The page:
Farmers are dusting off their combines and getting them ready to roll when harvest begins, but what happens if yields are lower than USDA’s August estimate? Those yield estimates left many farmers scratching their heads, wondering where those yields are.
From a marketing perspective, John Zanker of JC Zanker and Company, said if yields go down, so does corn carryout, and prices could push higher.
“With the old crop stocks being higher due to poor exports, we need to see that yield fall from 169.5 [bushels per acre] to the 165 area,” said Zanker. “If we have a frost event of significance, and we drop that yield to 160, we could get carryout to 1.6 [billion bushels] and that might give us a shot of probing that $4 area again at some point.”
Zanker said the last time an early frost impacted the market significantly was in 1974, and a scare in 1995, a year many are comparing to 2019.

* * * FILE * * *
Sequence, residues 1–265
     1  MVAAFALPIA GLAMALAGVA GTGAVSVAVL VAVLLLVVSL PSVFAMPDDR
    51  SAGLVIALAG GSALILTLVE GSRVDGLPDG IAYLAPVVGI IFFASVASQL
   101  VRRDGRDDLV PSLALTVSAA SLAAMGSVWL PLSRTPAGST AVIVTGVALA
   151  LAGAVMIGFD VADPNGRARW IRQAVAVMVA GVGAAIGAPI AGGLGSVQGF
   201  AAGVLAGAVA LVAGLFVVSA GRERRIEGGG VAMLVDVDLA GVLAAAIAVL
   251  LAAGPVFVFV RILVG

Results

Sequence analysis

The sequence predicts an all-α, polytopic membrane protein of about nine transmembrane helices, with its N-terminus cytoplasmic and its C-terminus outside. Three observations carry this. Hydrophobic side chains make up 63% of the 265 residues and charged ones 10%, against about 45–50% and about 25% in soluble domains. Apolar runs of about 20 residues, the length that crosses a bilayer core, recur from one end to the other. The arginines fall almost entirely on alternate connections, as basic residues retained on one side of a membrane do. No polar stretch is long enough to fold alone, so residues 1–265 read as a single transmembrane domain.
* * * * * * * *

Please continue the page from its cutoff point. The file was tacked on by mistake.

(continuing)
“1995 was ironically the previous slowest planting season,” said Zanker. “That probably pushed the market up 15, 20, 25 cents. Not a major move off of it, but I think the major move for the ’95, ’96 period came when we got into the crop and we found out we had some adverse growing conditions…and we had a lot worse corn [crop] than we thought we did.”
Throughout his marketing career, Zanker has seen many difficult times in agriculture. Once we make it through the other side of the trade war with China and a cure for African swine fever, he says we could see better times ahead.
“The next year or two is going to be tough—there’s no sugar-coating it,” said Zanker. “We get [African swine fever] cured, and we will. Once that happens and we get on good footing with the Chinese, we’re going to see some things that might blow us away five years down the road.”
With the construction of new ethanol plants in China, Zanker is optimistic that in the long-term, China could be a large importer of U.S. corn once the trade war is settled.